Review of Select John LeCarré Novels
The Spy Who Came in From the Cold
The Honorable Schoolboy
A Legacy of Spies
Agent Running in the Field
The four of 26 novels by John LeCarré named above form a group that span the career of this inventive and insightful author. They were evidently not designed to be bedtime reading; unless they were meant to have sentences and even chapters read over and over and gone back to in order to refresh the memory of people on the verge of unconsciousness. Having situations clearly in mind is absolutely necessary for the next part of the story to make any sense. Read as sleep aids the stories lose continuity and become no more than bedtime distractions. The skillful development of the tension inherent in distrust, the careful placement of suspicion and artful disclosure of small nuanced observations of significance or merely atmospheric provide the reader with many challenges and much to be appreciated. Anyone who has not seen the movies and is not conversant with the recurring characters (George Smiley and Peter Guillam) and the geography of London and the south of England might be put off by the assumption that their background is well known. The cast of characters in this version of MI6 is far from James Bond. These are English characters based unapologetically in England presenting Americans with an engaging and somewhat demeaning perspective as “the cousins.” It is difficult to keep characters straight when part of the organizational structure of Britain’s spy agency MI6 was purposely obtuse. The characters of the “Circus” require attention to detail that puts the reader squarely in its high-level meetings and discussions. Body language, quick glances, past dealings, competitive feelings, suspicion, envy, admiration all have been woven into fascinating scenes recognizable by anyone who has participated in meetings within any organization.
The Spy Who Came in from the Cold is a compelling and archetypical spy novel dealing with the cat and mouse relationship of MI6 and East Germany at the height of the Cold War. Double agents, clandestine meetings, and the other tropes of spy craft are deftly used to move the plot with twists and turns that justify the time and effort required to understand the story. The tension within it is raised for those with memories of the Cold War, the Berlin Wall, and the repressiveness of the communist governments of Eastern Europe and the Soviet Union
The Honorable Schoolboy is a much longer tale set mainly in Hong Kong and the countries of Southeast Asia as the Vietnam War was drawing to its depressing end. While George Smiley and Peter Guillam directed from the safety of the Circus in London, the characters on the ground are cynical, self-interested observers, and always in peril. For those who experienced the seemingly unending fighting in Southeast Asia, the recall of its futility and misery can find it expressed in these pages. Hong Kong is still at the interface of the West and the East. It was particularly so as a British Crown Colony and listening post while China in the 1970s was an opaque society. The clues to what the Chinese were thinking came to the West from reading posted notices, from refugees from the mainland and from spies. Smuggling, intrigue, and the quest to meaningfully penetrate the secret avenues to power were well set in the warm, humid, overcrowded and thug infested city. This setting contrasts with the rural and depressed landscape served by jaded pilots flying rattletrap airplanes in service of the drug and arms trade where people did not really know who or why they were fighting.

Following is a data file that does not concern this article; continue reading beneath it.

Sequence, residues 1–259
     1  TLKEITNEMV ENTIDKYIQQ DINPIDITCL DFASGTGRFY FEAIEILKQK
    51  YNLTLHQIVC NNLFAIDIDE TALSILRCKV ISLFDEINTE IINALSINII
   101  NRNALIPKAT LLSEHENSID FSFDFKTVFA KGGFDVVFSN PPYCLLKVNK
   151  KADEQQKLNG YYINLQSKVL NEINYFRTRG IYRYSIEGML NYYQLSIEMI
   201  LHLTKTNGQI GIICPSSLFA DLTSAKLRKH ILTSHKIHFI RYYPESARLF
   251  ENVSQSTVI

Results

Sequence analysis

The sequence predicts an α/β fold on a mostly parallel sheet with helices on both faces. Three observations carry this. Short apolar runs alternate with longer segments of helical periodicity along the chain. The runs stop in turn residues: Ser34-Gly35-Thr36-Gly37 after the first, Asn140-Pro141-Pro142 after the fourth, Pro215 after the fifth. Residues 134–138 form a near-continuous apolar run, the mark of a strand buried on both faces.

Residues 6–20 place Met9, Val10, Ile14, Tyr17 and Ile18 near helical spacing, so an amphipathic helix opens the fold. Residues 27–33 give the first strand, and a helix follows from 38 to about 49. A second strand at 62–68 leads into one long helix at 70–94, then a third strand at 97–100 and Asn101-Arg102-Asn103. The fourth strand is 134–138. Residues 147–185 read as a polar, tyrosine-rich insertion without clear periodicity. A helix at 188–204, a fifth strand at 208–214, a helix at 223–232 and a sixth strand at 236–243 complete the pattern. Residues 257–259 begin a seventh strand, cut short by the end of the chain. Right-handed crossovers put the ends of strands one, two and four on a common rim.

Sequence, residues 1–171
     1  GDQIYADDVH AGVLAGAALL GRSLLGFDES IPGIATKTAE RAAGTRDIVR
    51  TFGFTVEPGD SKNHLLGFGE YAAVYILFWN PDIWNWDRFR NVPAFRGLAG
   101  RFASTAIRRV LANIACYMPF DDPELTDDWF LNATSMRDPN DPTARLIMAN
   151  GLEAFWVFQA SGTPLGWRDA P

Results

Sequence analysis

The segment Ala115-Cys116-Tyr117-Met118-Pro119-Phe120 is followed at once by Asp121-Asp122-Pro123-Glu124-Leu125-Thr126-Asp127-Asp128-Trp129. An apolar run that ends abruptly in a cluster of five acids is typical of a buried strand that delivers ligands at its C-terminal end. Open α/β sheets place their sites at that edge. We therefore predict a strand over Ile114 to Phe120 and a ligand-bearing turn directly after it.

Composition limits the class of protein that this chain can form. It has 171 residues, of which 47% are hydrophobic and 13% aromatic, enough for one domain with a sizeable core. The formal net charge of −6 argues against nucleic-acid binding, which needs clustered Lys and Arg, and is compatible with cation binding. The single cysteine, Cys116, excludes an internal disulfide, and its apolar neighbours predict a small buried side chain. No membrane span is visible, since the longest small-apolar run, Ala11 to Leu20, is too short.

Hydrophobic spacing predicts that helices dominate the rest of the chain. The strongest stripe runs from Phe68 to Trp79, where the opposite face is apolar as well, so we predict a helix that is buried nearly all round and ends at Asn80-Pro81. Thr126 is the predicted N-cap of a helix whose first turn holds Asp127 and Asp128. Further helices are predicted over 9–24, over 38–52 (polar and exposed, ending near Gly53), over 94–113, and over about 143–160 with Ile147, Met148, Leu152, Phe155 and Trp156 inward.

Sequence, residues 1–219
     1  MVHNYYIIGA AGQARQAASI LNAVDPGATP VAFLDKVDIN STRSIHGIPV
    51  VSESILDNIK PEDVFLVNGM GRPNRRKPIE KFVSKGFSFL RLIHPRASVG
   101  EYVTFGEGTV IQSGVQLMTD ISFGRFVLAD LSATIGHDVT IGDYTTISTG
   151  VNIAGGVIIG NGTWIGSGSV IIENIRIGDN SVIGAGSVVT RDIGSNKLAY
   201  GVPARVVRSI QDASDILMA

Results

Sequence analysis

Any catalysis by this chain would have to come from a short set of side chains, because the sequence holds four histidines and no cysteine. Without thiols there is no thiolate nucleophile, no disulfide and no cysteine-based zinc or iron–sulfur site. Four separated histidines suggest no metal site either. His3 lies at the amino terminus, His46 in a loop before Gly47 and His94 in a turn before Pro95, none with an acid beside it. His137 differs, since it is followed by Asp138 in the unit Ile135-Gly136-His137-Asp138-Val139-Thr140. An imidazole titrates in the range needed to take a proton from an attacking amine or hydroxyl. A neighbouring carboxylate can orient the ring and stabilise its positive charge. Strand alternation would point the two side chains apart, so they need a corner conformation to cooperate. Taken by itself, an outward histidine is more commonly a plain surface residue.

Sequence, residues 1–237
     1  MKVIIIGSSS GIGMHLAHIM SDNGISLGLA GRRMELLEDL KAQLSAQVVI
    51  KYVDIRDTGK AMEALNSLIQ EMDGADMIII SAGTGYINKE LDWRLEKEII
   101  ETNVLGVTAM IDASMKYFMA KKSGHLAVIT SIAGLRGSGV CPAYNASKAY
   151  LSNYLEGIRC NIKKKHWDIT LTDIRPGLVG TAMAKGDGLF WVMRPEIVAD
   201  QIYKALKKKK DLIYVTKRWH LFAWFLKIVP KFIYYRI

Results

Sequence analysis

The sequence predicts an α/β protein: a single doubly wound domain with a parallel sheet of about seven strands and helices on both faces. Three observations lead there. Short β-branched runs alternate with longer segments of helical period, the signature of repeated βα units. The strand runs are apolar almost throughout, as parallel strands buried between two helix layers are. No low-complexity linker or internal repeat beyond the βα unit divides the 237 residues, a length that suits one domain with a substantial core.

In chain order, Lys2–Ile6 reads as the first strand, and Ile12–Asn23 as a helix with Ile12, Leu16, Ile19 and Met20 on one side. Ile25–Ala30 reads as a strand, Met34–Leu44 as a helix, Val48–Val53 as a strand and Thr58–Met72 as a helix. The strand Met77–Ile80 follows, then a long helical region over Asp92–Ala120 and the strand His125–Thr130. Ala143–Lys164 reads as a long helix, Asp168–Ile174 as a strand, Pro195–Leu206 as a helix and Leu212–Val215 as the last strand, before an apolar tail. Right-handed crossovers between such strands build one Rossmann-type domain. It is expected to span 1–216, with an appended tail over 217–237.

It’s an engaging yarn that can be absorbing, taking the imagination out of our world and into one that has been sketched for us for many years by many observers. It is not a world of James Bond’s casinos in Monte Carlo. Working class London, upscale condos in the tropical heat of Hong Kong and the bars of the Kowloon side make some less than plausible events seem possible.
Legacy of Spies was written to tie up loose ends and close the book on the LeCarré characters. It should be read only after getting an appreciation for “tubby, bespectacled, permanently worried George Smiley” and company he kept. With this in mind, the story is a good one told by Smiley’s associate Peter Guillam in the course of a defense of the events chronicled in The Spy Who Came in from the Cold. The characters and the effects on those around them generated unintended and surprising consequences that play out in the twists and turns of examination of documents, interviews and contemporaneous events brought to light to defend the “company” in a lawsuit brought by the children of principal characters killed in the service of MI6.
Agent Running in the Field was published in 2019 and may well be the last spy novel that LeCarré produces. The novel contains the double agents, ambiguous and clandestine meetings and international intrigue of earlier work with generous references to previous situations. It begins with what seem to be innocent badminton matches but you know that they and the characters will not turn out to be without devious inspiration. Badminton is much more that a pleasant lawn game. Played seriously it is hard to imagine the level of sportsmanship required for the competitive spirits to be dissipated by a couple of pints at the bar. The metaphor comparing the game to spy-craft is engaging. Along the way the Englishman’s references to Brexit, Trump, and Putin put a contemporary cast on the story that is easily understood and appreciated regardless of political philosophy.
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